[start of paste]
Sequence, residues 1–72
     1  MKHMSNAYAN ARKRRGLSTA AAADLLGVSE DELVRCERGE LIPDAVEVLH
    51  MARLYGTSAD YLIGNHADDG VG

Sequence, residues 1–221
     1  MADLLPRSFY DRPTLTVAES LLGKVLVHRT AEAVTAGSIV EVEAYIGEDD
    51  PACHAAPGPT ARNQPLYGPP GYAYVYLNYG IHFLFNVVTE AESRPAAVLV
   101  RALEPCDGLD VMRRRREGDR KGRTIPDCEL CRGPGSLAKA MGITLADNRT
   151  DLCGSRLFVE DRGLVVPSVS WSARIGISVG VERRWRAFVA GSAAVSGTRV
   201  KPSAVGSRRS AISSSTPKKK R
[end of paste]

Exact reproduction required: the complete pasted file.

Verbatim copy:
Sequence, residues 1–72
     1  MKHMSNAYAN ARKRRGLSTA AAADLLGVSE DELVRCERGE LIPDAVEVLH
    51  MARLYGTSAD YLIGNHADDG VG

Sequence, residues 1–221
     1  MADLLPRSFY DRPTLTVAES LLGKVLVHRT AEAVTAGSIV EVEAYIGEDD
    51  PACHAAPGPT ARNQPLYGPP GYAYVYLNYG IHFLFNVVTE AESRPAAVLV
   101  RALEPCDGLD VMRRRREGDR KGRTIPDCEL CRGPGSLAKA MGITLADNRT
   151  DLCGSRLFVE DRGLVVPSVS WSARIGISVG VERRWRAFVA GSAAVSGTRV
   201  KPSAVGSRRS AISSSTPKKK R